Modern day artisans of Ponte Vecchio are more green.




Il Porcellino knows a way of two to keep people enthralled. L1000539

Are there superhumans? After seeing some of the works of Michelangelo this is the only thought in your mind. Lucky us that he lived to a ripe age of 89 in those days ravaged by diseases that had no medicines. He must have been superhuman!

Fort Al Zubarah


Welcome to Fort Al Zubarah, Qatar, 2013

Fort Al Zubarah located close to the north west coast of Qatar is a hark back to Qatar’s past. It lies close to the settlement Zubarah, which is Qatar’s first UNESCO World Heritage site. The link to UNESCO’s site is here. I visited the fort for the seventh time in five years yesterday. I still remember the first time I visited the fort. I drove with my friend and the new road was yet to be laid. It took an hour of solid back-breaking drive. The North Road was one of the oldest roads in Qatar and had seen better days. Today, the drive is silky smooth as the North Road has been re-laid as a four lane highway with adequate runoff and numerous radars. I also remember the hospitality of the old Pakistani keeper of the site who used to make sweet tea for visitors to lounge in his ‘majlis’.


I visited the fort with my friend Abdulla. It was the day after the National Day and the roads were quiet, after we crossed the city limits that is. A glorious winter sun was rising on our right. It is a great advantage to have someone drive.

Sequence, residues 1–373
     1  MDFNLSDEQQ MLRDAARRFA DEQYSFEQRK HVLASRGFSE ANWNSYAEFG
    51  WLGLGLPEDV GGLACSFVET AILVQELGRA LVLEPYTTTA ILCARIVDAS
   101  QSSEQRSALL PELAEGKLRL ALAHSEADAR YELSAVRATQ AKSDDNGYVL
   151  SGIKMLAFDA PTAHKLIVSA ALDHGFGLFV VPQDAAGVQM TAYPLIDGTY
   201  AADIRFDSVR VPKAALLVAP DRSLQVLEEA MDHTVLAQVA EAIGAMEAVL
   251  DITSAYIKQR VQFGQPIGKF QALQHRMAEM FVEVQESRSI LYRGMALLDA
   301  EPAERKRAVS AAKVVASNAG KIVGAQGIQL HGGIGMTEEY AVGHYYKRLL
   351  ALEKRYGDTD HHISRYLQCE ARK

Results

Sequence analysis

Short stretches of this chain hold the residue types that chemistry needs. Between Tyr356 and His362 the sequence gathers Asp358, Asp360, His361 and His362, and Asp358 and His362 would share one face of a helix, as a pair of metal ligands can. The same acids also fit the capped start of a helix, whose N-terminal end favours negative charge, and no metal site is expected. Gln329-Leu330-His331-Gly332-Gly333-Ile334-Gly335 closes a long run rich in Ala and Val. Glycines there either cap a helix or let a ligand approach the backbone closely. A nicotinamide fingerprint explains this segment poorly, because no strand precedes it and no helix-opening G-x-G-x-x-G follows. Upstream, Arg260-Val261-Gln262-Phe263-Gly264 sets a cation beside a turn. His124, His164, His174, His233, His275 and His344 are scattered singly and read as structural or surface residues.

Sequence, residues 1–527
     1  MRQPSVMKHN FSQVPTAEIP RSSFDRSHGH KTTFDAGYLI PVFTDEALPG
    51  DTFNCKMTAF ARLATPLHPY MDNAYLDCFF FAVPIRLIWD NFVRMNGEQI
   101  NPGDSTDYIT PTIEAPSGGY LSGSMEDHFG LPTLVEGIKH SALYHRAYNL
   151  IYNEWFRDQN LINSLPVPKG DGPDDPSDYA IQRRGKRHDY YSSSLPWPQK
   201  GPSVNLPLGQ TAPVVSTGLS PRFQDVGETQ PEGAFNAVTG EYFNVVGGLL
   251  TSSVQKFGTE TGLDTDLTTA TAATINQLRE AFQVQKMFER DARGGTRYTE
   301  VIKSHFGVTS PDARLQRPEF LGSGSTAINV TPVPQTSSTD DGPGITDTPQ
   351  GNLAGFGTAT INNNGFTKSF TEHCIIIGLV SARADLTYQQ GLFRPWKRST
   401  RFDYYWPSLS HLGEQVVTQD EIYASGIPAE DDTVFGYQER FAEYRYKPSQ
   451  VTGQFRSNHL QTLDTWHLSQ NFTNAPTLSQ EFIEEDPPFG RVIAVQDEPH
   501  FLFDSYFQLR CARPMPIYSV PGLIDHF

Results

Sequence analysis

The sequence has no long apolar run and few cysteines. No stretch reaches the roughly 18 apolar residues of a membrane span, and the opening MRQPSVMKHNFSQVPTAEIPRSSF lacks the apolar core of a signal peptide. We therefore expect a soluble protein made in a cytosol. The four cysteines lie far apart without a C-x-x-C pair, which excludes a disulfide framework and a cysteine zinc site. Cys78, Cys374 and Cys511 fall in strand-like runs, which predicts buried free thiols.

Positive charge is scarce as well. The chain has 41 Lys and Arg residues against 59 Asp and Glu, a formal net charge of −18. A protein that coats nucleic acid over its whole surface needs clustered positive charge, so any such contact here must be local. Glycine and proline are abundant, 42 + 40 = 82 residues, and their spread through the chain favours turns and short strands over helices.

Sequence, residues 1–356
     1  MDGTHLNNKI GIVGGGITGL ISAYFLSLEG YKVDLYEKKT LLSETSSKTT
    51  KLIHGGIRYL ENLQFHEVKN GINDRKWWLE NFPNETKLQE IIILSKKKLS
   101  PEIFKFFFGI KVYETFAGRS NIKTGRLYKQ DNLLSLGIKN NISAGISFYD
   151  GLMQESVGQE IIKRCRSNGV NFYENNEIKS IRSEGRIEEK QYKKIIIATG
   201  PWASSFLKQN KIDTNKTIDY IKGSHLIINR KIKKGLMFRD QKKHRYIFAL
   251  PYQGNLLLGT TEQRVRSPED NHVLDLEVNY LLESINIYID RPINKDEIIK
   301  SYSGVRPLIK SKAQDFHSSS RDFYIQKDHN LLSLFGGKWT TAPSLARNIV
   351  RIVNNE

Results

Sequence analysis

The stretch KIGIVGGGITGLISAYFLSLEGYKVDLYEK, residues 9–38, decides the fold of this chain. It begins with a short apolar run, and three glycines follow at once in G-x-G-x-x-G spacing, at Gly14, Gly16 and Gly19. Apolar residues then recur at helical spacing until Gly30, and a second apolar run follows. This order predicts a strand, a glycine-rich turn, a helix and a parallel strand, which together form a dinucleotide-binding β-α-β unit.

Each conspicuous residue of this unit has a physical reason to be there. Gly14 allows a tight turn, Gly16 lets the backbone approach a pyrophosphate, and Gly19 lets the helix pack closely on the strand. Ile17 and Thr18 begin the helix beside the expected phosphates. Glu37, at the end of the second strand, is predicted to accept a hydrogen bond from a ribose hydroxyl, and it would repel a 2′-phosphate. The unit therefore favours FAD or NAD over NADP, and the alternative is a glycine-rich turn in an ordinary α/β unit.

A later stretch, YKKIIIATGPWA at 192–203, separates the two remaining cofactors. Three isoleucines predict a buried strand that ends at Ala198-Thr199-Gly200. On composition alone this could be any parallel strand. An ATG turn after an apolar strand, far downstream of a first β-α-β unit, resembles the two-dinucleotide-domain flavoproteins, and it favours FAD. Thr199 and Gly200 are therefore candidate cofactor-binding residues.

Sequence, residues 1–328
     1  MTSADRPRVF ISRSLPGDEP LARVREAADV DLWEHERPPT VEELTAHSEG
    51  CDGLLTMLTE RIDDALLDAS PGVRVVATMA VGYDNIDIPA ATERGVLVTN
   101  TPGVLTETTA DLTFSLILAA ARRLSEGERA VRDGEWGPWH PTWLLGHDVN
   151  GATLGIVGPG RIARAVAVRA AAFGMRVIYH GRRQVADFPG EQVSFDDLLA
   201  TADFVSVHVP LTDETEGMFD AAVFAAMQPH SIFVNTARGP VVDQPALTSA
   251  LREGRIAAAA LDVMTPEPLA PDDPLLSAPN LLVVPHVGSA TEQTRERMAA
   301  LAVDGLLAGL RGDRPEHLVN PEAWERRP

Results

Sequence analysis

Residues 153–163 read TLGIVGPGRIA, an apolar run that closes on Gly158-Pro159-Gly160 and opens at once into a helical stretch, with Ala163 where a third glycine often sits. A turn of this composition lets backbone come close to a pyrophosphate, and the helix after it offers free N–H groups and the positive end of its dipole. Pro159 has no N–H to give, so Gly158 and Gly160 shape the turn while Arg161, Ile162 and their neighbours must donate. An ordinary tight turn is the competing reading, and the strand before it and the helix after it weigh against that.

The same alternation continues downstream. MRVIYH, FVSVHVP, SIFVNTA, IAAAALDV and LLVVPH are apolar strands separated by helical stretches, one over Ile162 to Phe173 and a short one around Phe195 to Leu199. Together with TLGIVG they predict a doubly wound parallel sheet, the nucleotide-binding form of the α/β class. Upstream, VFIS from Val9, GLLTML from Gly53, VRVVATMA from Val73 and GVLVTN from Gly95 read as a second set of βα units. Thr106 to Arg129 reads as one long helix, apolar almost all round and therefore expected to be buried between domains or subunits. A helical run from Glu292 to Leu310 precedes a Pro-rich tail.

It was the day after National Day and all government offices were closed. The fort was still open and final touches to a three-year-long renovation were still being applied. And it was not quite 7 AM! The sun was out and bathing the whole place in a beautiful golden light. We had the fort to ourselves except for the security details and the archaeologists working on renovation.


The inner pillars of the fort had been reworked giving the place a Louvre-like effect. It is like having the I M Pei built glass pyramid right in the middle of Gothic behemoths. The courtyard of Zubarah is like a geometry box surrounded by the traditional fort architecture.


The stepping stone, Fort Zubarah, Qatar, 2013

Remnants of the makeshift improvisations done by the archaeological team were still very much in place. It was a great opportunity to see, first-hand, the workings of renovation.


Although it is open, the Fort is not quite ready for visits yet. Some bits of renovation is yet to be completed.


Two-eyed Monster, Fort Zubarah, Qatar, 2013

A visit to a site in Qatar is not quite complete without the modern-day desert carrier, the omnipresent SUV!

The ‘big dig’ is happening right behind the fort to excavate the sunken town of Zubarah. Satellite images show a rather large settlement and looks very promising as an attraction. It is where the oldest heritage of Qatar lies and I am looking forward to the day it opens, to visit and photograph.


String of Pearls, Qatar, 2013

On the way back we were dazzled by a line of silvery clouds trying to race us. They were all quickly disbursed by the blustery winds.

All images on this post were shot with my Leica M-E using the Zeiss Planar 50/2. It is a remarkable combination to shoot. Sharp, contrasty, great color, and a relatively light-weight kit that doesn’t cease to amaze me every time I use it.